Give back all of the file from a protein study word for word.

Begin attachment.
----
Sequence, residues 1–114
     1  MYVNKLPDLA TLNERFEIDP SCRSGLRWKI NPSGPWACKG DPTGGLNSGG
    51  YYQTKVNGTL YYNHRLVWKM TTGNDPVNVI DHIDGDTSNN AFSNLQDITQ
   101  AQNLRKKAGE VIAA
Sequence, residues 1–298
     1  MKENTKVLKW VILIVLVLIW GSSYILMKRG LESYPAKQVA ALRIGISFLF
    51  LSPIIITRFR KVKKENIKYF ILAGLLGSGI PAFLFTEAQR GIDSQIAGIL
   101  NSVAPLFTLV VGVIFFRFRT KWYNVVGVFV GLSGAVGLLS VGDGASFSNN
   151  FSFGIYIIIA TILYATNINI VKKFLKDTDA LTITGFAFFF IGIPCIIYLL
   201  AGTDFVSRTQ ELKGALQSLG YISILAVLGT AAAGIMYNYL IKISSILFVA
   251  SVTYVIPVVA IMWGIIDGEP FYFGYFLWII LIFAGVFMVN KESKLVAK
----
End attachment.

Sequence, residues 1–114
     1  MYVNKLPDLA TLNERFEIDP SCRSGLRWKI NPSGPWACKG DPTGGLNSGG
    51  YYQTKVNGTL YYNHRLVWKM TTGNDPVNVI DHIDGDTSNN AFSNLQDITQ
   101  AQNLRKKAGE VIAA
Sequence, residues 1–298
     1  MKENTKVLKW VILIVLVLIW GSSYILMKRG LESYPAKQVA ALRIGISFLF
    51  LSPIIITRFR KVKKENIKYF ILAGLLGSGI PAFLFTEAQR GIDSQIAGIL
   101  NSVAPLFTLV VGVIFFRFRT KWYNVVGVFV GLSGAVGLLS VGDGASFSNN
   151  FSFGIYIIIA TILYATNINI VKKFLKDTDA LTITGFAFFF IGIPCIIYLL
   201  AGTDFVSRTQ ELKGALQSLG YISILAVLGT AAAGIMYNYL IKISSILFVA
   251  SVTYVIPVVA IMWGIIDGEP FYFGYFLWII LIFAGVFMVN KESKLVAK